The camera crew had walked off the set earlier that day in protest of working conditions. Producers threatened to call security on them before bringing in non-union replacements. The prop gun had already misfired multiple times. These are just some of the details emerging about the events that led up to Alec Baldwin fatally shooting cinematographer Halyna Hutchins on Thursday, according to a new Los Angeles Times report.
The shooting is first and foremost a tragedy. Hutchins, who was 42, leaves behind a husband and a 9-year-old son. Director Joel Souza was hospitalized.
But the incident also begs the question how these conditions are able to persist on sets. The events that prompted workers to walk off the set in New Mexico appear to have been detailed in a series of Facebook replies written before the shooting. A person who identified themselves as a member of the camera crew on Rust, the movie Baldwin was co-producing and starring in, wrote a series of posts about how the crew was being treated like “Absolute dog shit.”
The posts were written in response to a video of Baldwin expressing his solidarity with Hollywood’s blue-collar workforce, which is now deciding whether to ratify a labor agreement reached on Saturday between producers and the leaders of their union, the International Alliance of Theatrical Stage Employees. “I want to say to the people in IATSE, do what you need to do,” Baldwin said about the upcoming vote. “You don’t like that contract? You think the contract could be better? You want to go on strike? Go on strike.”
Under the video, the crew member, whose Facebook page identifies them as a member of IATSE Local 600, highlights conditions similar to the ones described in the Times:
At the moment I’m fighting to get my crew, on this movie, hotel rooms when we go long or are too tired to drive the hour back from location to albuquerque. They either say no or offer a garbage roadside motel that’s used as a homeless shelter. In fact the line producer on the flick complained the motel she booked charges her 10 bucks more per night than the homeless. They haven’t even paid the crew a proper check.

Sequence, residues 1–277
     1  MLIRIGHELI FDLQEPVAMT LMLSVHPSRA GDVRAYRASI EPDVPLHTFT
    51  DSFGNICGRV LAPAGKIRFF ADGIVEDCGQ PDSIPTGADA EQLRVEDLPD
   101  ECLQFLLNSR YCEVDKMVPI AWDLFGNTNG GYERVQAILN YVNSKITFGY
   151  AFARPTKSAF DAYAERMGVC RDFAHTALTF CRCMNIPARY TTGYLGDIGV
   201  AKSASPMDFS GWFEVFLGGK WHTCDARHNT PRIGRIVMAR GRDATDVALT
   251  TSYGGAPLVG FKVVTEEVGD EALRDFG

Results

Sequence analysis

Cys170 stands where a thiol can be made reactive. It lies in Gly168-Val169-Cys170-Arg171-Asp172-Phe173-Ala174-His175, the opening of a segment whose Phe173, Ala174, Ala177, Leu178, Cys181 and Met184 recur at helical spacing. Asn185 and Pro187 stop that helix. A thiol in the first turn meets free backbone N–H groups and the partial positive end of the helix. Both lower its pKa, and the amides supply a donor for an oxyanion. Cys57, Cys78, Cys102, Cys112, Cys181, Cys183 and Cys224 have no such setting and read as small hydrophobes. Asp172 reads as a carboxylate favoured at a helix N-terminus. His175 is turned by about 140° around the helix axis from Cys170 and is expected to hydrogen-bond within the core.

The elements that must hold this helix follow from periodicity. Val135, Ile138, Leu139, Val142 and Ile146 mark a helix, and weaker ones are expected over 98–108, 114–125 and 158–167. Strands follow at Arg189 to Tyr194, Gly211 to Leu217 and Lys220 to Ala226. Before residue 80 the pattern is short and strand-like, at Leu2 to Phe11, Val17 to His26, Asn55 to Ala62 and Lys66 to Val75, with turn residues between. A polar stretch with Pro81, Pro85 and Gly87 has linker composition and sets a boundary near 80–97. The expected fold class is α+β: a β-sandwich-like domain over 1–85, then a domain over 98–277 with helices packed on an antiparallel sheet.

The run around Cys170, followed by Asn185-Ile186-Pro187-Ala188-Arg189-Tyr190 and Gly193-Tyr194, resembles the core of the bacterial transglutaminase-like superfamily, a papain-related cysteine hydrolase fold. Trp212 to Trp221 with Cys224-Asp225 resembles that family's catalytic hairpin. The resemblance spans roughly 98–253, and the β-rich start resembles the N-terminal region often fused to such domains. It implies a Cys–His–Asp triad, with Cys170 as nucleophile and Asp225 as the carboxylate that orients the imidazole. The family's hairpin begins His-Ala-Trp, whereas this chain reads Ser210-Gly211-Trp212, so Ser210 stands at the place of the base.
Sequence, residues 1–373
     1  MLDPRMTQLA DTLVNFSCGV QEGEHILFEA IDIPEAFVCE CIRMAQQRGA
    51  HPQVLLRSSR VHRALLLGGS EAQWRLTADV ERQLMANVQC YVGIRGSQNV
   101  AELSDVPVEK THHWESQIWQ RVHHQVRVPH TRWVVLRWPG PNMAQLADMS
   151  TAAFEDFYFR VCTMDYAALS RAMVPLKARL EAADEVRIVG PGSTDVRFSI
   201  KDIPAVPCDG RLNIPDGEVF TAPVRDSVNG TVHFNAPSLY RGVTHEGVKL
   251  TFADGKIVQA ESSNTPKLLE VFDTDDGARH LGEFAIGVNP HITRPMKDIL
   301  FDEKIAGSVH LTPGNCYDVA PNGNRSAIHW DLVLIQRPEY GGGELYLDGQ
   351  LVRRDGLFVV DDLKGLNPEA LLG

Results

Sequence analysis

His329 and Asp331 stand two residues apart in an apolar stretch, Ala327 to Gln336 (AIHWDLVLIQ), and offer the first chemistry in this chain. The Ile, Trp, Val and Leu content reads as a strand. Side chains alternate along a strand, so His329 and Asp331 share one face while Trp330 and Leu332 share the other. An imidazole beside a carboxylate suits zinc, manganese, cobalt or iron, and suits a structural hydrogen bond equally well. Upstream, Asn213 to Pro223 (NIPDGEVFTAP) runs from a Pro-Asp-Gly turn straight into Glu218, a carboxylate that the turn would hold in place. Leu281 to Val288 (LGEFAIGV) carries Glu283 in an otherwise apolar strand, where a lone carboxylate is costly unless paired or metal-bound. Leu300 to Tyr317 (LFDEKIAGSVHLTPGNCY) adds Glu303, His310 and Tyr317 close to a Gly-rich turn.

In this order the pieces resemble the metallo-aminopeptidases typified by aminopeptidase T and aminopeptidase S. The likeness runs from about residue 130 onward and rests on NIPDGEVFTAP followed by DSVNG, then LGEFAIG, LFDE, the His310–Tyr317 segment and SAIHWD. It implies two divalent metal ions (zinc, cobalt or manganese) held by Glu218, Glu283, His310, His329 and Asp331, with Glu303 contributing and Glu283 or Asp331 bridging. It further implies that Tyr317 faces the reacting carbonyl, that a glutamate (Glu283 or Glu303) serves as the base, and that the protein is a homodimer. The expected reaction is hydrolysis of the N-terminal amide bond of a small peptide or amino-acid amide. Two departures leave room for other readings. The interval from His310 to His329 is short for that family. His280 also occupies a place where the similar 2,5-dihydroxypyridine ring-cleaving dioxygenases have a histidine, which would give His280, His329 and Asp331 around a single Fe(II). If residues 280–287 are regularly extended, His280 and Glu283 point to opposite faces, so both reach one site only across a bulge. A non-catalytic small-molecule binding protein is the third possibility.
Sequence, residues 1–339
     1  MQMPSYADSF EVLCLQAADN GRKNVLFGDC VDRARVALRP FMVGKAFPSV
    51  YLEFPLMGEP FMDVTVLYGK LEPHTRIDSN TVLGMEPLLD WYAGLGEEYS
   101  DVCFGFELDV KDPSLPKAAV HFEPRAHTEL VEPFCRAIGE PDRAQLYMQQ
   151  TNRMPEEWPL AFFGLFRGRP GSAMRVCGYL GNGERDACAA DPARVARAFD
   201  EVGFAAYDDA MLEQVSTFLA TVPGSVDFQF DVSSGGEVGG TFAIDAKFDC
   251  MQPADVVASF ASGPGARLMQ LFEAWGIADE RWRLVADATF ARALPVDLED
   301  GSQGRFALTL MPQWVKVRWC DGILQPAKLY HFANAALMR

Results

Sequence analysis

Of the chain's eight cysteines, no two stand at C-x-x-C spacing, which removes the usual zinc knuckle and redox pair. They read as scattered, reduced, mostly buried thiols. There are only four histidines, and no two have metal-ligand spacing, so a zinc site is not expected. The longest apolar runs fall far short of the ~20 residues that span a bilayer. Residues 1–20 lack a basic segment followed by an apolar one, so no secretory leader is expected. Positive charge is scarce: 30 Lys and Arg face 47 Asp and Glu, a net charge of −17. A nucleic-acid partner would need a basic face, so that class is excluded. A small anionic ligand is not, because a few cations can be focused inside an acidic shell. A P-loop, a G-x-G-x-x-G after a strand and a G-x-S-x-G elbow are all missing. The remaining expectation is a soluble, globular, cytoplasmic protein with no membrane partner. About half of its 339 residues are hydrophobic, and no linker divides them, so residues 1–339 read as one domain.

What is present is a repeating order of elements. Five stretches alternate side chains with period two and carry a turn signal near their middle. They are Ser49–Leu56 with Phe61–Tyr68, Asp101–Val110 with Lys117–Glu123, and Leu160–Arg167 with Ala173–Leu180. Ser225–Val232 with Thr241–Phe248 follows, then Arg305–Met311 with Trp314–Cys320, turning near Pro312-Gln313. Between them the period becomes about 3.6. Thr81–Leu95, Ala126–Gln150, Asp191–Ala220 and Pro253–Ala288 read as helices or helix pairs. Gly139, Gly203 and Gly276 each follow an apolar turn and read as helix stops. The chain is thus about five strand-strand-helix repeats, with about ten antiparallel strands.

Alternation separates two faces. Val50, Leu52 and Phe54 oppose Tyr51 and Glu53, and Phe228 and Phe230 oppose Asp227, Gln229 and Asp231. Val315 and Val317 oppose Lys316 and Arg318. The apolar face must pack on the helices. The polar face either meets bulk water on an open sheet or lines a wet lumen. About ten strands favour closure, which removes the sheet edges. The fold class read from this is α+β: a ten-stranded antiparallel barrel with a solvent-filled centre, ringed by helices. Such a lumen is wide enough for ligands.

“We left,” the crew member wrote in another reply posted before the shooting on Thursday. “I’m sure y’all will hear about it today.” The Times article names three anonymous sources that say six hours after the crew walked off Baldwin fired the shot that killed Hutchins.
The event is a reminder of how little we usually hear about the conditions that recently led IATSE’s members to authorize a strike for the first time in the union’s 128-year history. The results of the vote were overwhelming, with nearly 90 percent of members casting ballots and 98 percent of those members voting to authorize a strike. Even before Thursday, reaction to the deal it led to had been mixed. Many objected to the fact that it would still allow for workdays as long as 14 hours, not including time spent commuting. Although it may still end up being ratified, news of the shooting is likely to lead more people to oppose the agreement.
On Sunday, I spoke with Fae Weichsel, a member of IATSE Local 600 who works as a first assistant camera, about the deal that had been reached the night before. Weichsel, whom I’d got in contact with through IATSE’s press shop, said they were leaning toward voting yes. On Friday, after seeing what had happened in New Mexico, they told me they were leaning toward no.